Serving as an army nursing officer in Iraq put Dr Justin Hunter on the path to becoming an award-winning GP in training.
Dr Hunter was recently named the 2020 recipient of the Royal Australian College of General Practitioners’ Growing Strong Together Award that recognises an exceptional Aboriginal and/or Torres Strait Islander GP in training.
Starting out as a rifleman in the Australian Army, Dr Justin Hunter is now a Lieutenant in the Royal Australian Navy, one of the first Aboriginal doctors in the Navy, and training to become a specialist GP at Tharawal Aboriginal Corporation.
“As a proud Indigenous man, it was also important that I give back to my community through working in an Aboriginal Community Controlled Health Service.
“The Aboriginal community health setting is unique, we offer home visits, specialist clinics and walk-in emergencies, complex chronic care, as well as allied health on site.
“I have great mentors that have supported me during my training at Tharawal,” Dr Hunter said.
Becoming a patrol medic sparked his interest in healthcare, which led to studying nursing.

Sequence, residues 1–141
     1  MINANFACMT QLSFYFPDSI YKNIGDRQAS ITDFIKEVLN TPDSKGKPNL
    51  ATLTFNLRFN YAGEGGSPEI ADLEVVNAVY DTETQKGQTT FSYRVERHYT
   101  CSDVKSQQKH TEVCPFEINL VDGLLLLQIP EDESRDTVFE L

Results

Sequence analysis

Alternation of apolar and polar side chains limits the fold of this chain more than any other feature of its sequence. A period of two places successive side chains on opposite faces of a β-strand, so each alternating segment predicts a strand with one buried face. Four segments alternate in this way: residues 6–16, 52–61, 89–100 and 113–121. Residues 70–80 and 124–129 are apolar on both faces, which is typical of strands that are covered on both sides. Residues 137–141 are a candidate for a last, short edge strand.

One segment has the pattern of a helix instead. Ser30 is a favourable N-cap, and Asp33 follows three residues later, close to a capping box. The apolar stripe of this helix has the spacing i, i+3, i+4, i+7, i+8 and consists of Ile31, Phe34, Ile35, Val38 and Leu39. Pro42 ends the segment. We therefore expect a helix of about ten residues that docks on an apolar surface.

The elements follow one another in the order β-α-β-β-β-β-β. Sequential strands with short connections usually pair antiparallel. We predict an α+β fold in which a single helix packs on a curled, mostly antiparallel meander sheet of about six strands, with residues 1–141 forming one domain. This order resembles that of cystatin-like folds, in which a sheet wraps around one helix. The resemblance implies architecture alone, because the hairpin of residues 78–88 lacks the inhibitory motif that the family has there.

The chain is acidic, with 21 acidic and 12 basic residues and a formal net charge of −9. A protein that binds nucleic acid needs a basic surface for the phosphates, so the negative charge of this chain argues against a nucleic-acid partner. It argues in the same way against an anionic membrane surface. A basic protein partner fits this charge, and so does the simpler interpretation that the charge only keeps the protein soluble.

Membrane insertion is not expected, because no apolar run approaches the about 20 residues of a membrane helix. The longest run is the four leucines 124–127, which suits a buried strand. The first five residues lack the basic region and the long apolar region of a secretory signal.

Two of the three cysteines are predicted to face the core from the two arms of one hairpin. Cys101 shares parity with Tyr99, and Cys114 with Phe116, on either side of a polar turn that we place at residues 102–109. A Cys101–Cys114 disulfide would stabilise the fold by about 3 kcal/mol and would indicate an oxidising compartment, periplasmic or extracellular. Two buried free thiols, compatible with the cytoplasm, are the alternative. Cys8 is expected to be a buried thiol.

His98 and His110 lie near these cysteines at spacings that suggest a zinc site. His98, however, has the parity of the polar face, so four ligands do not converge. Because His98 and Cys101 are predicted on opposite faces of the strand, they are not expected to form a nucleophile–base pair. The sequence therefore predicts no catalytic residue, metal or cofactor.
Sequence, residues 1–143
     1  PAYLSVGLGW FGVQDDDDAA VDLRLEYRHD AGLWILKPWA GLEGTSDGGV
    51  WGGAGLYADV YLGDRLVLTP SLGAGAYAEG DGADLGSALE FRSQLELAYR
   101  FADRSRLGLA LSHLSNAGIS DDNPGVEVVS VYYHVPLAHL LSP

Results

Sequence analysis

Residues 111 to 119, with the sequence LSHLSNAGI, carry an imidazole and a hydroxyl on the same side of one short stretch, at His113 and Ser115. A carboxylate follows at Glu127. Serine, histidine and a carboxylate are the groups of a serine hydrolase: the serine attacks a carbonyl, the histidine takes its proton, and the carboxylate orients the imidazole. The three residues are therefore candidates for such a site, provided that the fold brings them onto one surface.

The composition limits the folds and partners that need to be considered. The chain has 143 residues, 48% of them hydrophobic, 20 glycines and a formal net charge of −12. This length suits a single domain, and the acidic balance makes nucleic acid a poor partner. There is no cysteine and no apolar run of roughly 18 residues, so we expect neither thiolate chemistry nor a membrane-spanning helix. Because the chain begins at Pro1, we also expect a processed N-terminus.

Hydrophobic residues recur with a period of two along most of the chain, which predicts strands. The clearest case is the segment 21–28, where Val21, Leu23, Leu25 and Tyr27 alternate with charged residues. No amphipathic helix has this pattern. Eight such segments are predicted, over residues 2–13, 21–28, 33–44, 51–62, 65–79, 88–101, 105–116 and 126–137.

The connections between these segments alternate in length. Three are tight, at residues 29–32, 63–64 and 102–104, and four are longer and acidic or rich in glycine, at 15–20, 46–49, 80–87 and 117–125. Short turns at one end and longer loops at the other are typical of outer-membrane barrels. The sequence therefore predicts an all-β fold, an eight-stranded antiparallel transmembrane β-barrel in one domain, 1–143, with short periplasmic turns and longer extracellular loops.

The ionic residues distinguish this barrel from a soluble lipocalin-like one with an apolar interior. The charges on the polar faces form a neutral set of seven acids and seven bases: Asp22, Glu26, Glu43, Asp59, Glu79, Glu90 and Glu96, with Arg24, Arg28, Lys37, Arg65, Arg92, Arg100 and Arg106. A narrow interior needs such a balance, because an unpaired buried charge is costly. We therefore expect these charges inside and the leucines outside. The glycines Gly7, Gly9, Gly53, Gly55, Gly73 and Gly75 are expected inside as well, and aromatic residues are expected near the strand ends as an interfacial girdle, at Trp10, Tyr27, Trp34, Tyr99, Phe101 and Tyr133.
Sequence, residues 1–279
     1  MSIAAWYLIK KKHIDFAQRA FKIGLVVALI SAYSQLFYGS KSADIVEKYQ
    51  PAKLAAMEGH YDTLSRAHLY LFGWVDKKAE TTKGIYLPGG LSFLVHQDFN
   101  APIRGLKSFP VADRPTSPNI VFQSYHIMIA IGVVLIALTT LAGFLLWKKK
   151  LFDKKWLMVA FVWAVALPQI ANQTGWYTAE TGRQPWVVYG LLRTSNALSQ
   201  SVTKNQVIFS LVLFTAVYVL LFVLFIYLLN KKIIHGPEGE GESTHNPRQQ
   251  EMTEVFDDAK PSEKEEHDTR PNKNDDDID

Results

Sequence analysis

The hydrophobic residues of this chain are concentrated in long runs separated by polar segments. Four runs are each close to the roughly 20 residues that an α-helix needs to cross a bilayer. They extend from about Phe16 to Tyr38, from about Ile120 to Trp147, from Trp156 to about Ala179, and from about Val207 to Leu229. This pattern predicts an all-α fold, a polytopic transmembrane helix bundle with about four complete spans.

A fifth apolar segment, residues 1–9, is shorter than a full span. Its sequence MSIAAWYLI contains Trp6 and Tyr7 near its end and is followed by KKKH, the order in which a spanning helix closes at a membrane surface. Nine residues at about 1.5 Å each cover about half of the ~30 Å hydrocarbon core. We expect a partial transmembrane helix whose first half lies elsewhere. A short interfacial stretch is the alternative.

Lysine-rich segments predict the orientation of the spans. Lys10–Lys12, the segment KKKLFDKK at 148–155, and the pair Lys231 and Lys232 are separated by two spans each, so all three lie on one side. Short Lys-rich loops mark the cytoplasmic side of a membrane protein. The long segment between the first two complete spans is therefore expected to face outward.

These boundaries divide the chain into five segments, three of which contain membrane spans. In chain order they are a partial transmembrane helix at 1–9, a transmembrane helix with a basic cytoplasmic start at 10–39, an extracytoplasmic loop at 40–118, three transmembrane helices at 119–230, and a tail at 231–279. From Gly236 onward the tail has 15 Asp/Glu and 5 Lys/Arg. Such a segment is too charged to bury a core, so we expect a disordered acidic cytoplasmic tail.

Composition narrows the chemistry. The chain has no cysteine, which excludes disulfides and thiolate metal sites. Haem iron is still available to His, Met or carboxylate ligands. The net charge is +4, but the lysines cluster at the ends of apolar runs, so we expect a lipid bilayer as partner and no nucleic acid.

“In 2008 I deployed to Iraq, where I worked closely with medical professionals from various nations and experienced firsthand how my skills could save lives in a war zone.
“The natural progression was for me to further my skills by studying medicine.
“The Navy has been very supportive of me throughout my study and training, I wouldn’t be here today without them.
“We need more Aboriginal and Torres Strait Islander doctors in all aspects of medicine, but especially at a community level,” Dr Hunter said.
GP Synergy’s CEO Mrs Georgina van de Water said the training provider is currently supporting more than 40 Aboriginal and Torres Strait Islander doctors undertaking specialist GP training across NSW and ACT
“We also work closely with the 33 Aboriginal medical services across NSW and ACT, including Tharawal Aboriginal Corporation, accredited to deliver GP training,” Mrs van de Water said.
“Training doctors in Aboriginal health is an important part of closing the gap in the health inequities between Aboriginal and non-Aboriginal Australians.
“Those doctors training in an Aboriginal health setting find the experience invaluable from a learning perspective and rewarding as the Aboriginal health model is one based on teamwork and being part of the community,” she said.
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Kerryn Stephens | Media and Communications Officer